Comparative Postcolonialism in the Works of V.S. Naipaul and Toni Morrison: Fragmented Identities begins with an overview of its theoretical framework, highlighting the intersectional relationship between postcolonial literature and comparative literature. Tracing selected novels by Naipaul and Morrison, the book takes, as a starting point, Fanon’s three-phase journey of the decolonizing process. In the first phase of mimicry, Naipaul’s and Morrison’s earlier novels represent the assimilation of indigenous people into dominant hegemonic cultures. The second phase is envisioned as the re-narration or re-interpretation of the past and old legends of indigenous culture. Morrison succeeds in asserting that her ancestors’ past is the only way to celebrate a cultural identity, but Naipaul tends to criticize and neglect his past and his original, indigenous culture. The third phase marks the emergence of a revolutionary literature, in which Naipaul and Morrison guide their people to hybridity as a new way of becoming and resisting the hegemonic dichotomies in dominant societies.
Alshaymaa Mohamed Ahmed is assistant professor of English and comparative literature in the humanities department, College of Language and Communication, Arab Academy for Science Technology and Maritime, (AAST) Cairo, Egypt.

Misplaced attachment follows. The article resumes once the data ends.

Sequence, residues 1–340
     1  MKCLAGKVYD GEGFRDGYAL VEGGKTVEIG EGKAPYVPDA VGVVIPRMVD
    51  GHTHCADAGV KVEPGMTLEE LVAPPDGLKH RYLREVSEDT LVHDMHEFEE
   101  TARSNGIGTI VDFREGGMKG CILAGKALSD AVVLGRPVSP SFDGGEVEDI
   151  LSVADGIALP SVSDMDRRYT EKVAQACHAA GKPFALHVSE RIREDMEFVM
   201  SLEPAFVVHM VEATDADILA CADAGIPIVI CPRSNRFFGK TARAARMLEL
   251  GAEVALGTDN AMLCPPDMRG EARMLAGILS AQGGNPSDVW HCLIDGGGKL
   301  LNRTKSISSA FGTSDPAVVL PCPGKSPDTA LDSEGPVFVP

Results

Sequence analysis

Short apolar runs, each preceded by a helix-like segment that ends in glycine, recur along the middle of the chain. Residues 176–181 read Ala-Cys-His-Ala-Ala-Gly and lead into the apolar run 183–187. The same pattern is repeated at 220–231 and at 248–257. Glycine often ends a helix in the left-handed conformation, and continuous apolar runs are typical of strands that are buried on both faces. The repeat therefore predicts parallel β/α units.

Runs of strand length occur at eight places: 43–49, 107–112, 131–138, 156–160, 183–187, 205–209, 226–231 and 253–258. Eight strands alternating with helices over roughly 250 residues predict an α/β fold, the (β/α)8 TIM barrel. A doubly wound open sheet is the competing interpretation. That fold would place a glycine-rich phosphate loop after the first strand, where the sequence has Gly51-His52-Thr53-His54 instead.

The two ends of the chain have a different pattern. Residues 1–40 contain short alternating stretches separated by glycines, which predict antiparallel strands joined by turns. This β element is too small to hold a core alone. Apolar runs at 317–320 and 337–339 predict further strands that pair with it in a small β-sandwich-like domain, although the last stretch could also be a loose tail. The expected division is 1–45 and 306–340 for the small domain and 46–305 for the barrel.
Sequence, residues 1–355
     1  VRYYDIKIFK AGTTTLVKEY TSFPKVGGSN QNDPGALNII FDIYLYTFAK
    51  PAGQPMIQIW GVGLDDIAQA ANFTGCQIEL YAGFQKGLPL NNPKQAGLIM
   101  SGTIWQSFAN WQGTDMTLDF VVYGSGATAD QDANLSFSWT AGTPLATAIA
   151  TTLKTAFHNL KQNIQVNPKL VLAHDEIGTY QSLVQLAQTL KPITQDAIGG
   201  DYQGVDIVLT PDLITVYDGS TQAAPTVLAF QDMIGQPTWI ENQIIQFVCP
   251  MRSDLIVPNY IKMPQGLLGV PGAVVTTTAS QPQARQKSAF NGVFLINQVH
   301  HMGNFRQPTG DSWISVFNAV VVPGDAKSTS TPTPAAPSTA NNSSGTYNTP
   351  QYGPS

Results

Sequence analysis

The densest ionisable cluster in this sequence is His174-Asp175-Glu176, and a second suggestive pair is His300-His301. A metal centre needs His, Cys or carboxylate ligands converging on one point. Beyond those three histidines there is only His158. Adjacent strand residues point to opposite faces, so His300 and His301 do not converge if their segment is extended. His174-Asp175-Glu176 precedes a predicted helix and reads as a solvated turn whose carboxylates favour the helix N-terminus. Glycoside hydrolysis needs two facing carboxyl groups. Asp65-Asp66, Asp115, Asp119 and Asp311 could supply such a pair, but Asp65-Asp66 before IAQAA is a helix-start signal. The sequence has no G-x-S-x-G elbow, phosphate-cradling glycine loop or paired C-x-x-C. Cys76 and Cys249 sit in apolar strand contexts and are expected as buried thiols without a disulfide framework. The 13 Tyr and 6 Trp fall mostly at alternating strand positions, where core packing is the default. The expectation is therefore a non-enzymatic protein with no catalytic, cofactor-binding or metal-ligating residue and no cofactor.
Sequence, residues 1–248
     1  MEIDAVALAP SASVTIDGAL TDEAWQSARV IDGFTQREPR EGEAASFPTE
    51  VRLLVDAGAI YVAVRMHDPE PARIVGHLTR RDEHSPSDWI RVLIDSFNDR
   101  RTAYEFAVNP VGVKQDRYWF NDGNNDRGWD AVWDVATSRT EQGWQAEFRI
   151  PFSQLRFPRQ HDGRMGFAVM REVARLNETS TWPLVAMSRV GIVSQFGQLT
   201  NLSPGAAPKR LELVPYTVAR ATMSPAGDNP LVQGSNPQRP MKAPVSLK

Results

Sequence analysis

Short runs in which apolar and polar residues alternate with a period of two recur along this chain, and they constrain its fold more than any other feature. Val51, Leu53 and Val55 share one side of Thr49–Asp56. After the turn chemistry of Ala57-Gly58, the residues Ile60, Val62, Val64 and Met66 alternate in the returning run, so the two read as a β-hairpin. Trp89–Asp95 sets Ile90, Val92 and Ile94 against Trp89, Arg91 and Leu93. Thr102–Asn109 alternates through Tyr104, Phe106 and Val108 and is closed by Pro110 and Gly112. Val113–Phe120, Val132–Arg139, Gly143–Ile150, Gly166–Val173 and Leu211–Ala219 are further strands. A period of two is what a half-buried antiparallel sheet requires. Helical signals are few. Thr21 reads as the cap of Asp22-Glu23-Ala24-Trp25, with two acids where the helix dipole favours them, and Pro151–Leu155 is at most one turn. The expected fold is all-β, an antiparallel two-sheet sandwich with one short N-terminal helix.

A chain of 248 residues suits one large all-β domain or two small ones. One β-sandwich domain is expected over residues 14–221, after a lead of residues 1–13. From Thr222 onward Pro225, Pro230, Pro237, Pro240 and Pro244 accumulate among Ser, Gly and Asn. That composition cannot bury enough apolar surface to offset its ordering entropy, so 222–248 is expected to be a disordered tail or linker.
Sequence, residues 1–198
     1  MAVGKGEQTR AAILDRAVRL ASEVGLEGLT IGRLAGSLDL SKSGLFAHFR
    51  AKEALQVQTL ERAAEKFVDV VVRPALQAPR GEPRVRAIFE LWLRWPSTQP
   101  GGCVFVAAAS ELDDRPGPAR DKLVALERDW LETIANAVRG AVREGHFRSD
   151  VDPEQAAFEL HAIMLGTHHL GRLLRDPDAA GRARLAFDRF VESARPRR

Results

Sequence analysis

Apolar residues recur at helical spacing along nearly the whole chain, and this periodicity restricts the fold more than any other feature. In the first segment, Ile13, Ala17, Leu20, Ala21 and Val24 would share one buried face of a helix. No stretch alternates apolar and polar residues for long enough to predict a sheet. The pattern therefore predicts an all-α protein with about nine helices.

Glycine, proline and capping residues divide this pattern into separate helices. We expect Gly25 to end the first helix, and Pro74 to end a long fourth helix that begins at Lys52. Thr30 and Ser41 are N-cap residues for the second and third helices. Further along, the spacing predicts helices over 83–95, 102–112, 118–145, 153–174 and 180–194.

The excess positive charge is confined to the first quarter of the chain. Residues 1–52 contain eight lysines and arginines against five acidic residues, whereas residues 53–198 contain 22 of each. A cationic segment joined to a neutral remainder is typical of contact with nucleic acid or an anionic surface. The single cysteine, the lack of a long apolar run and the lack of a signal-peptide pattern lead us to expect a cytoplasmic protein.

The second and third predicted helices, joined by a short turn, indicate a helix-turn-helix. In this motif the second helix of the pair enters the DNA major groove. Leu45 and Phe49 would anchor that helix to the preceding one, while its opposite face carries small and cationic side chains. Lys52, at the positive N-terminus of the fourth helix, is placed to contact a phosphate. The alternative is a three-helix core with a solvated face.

Chapter One: Postcolonial Literature and Comparative Literature
Chapter Two: Mimicry and Fragmented Identities in V.S. Naipaul’s The Mimic Men and Toni Morrison’s The Bluest Eye
Chapter Three: Memory as a Reflection of Cultural Identity in V.S. Naipaul’s The Enigma of Arrival and Toni Morrison’s Beloved
Chapter Four: A Journey from Unhomeliness to Hybridity in V.S. Naipaul’s Half a Life and Magic Seeds and Toni Morrison’s Home
Chapter Five: Gender in Naipaul and Morrison
Chapter Six: Naipaul and Morrison: Some Conclusions and New Comparative Outlooks
About the Author
This analysis of Naipaul and Morrison extends the boundaries of both postcolonial and comparative literary studies. It reinforces a central question – ‘how do we read the postcolonial?’ A penetrating work from a young scholar.